As reported around the world, Russia’s decision to greatly reduce its military presence in Syria, coming as it did with little warning, has left the world struggling for explanations.
After having rescued the Syrian Government’s position in Syria from certain defeat and securing a partial truce along with the onset of an imminent peace conference, the partial withdrawal is seen by many as a message to the Assad government to not take Russia’s military aid for granted, and to be more flexible in the upcoming peace negotiations.
If we assume that all wars are essentially trade wars grown large, and in the Middle East, they almost always involve energy, then the Russian gambit in Syria can be viewed from a different perspective. Russia’s economy is currently in recession, partly as a result of western sanctions, but much more seriously hurt by the crashing of energy prices.
Russia’s warming relations with Saudi Arabia has helped to bring about an OPEC-Russian sponsored freeze in oil production, with only Iran refusing to comply. With the Syrian withdrawal, Russia has tempered a major political feud with the Saudis over Russia’s support for Assad, a move that at once increases the prospects for a Russian-Saudi agreement on oil production cutbacks.
There are also many who think that Russia is also increasing pressure on its allies to be more flexible, not only in peace talks but also oil production cuts. With the withdrawal of the Russian protective air shield, Iran and Hezbollah’s ground forces in Syria are suddenly exposed to the threat of Saudi and Turkish air attacks. Will the threat of a looming military catastrophe in Syria force Iran to comply with production cuts?
Many oil insiders believe that after decades of punishing western sanctions, Iran’s oil industry is in no condition to meet its avowed quota for production, so that an agreement on cuts might cause little sacrifice.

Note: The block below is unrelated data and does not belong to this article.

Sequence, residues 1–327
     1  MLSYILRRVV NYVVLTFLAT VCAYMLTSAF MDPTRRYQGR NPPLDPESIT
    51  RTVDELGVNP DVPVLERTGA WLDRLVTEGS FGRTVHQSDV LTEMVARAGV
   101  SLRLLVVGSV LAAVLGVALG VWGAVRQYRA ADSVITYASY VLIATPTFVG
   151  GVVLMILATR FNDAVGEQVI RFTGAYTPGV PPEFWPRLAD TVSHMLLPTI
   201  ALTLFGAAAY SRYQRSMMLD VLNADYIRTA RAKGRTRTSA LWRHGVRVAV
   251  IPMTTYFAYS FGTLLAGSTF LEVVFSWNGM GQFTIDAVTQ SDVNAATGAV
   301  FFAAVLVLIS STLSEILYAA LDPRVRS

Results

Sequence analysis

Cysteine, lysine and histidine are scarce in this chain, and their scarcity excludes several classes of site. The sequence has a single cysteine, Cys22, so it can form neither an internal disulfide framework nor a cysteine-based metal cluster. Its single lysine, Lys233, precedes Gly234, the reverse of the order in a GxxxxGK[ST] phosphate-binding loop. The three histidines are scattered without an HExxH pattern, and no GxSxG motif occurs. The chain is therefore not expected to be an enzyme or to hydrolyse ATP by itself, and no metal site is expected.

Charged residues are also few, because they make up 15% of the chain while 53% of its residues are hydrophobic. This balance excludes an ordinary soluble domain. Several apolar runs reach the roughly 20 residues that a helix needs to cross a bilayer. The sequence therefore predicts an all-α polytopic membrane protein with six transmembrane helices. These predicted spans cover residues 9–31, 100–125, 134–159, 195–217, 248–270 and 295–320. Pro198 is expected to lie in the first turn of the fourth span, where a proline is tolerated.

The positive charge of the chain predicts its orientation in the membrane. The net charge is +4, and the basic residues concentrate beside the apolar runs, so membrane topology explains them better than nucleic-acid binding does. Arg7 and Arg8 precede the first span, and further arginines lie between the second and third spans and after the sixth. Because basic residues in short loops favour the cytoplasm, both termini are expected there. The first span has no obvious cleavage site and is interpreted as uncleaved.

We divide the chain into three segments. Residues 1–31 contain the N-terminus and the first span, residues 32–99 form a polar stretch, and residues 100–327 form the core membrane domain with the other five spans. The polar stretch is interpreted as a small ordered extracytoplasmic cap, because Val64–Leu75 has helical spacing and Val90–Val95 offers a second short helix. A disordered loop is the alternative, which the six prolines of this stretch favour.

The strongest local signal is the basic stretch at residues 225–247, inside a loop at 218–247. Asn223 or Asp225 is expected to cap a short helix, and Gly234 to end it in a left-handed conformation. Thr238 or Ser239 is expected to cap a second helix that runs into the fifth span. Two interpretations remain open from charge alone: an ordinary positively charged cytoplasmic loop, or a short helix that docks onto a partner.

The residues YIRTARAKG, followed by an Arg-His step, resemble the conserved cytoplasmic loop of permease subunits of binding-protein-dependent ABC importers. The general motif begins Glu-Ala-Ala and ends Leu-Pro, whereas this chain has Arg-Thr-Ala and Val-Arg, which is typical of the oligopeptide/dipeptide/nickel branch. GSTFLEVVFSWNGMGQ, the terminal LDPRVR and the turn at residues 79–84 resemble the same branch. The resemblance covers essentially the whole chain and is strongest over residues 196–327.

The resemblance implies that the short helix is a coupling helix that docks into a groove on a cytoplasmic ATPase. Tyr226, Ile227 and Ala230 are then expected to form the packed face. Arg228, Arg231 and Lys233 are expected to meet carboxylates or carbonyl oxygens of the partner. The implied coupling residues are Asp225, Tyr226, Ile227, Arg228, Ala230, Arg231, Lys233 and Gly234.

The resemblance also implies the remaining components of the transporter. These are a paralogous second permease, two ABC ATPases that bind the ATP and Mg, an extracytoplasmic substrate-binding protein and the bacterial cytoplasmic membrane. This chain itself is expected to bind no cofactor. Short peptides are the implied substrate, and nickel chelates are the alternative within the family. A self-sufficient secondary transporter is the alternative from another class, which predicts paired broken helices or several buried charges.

Russia’s actions may well have staved off other threats to its business. Recall that Robert Kennedy Jr., the nephew of the slain U.S. President, recently published an article in Sputnik, claiming that the major reason for the west’s attempt to overthrow the Assad government was to build a natural gas pipeline from Qatar that traversed Syria, capturing its newly discovered offshore reserves, and continued on through Turkey to the EU, as a major competitor to Russia’s Gazprom.
By re-establishing the Assad government in Syria, and permanently placing its forces at Syrian bases, the Russian’s have placed an impenetrable obstacle to the development of the Qatar gas pipeline. Russia has also placed itself at the nexus point of other new offshore gas discoveries in the Eastern Mediterranean, including Israel, Cyprus, and Greece.
It’s not hard to imagine a new Russian pipeline to Europe serving these new partners. Could easing of sanctions also lead to the implementation of the long-stalled plans of Gazprom for a second pipeline under the Baltic Sea to Germany for Russia and its partners, Royal Dutch Shell, Germany's E.ON, and Austria's OMV?
If so, we can be assured that the U.S. will be in fierce opposition to any such plans. As George Friedman, founder of Stratfor has stated, the American’s worst European nightmare is an alliance between Germany and Russia.
The timing of the Russian withdrawal could not be more fortuitous, as it occurs at the very pinnacle of the European refugee crisis, a crisis that was caused by Europe’s backing of the Saudi-Turkish attempt to overthrow Assad. For the first time in four years, the truce in Syria offers respite for Syrian refugees, fleeing from constant bombardment and attacks, and raises prospects for increasing security within their homeland.
Is this part of the Russian Syrian gambit? Is Russia gambling on receiving some modicum of European gratitude for helping to stem the flight of refugees to its borders, with the pay-off in terms of easing sanction and enabling its long stalled pipeline projects to be completed.
No, Putin could not possibly be so calculating, could he?
By Robert Berke for Oilprice.com
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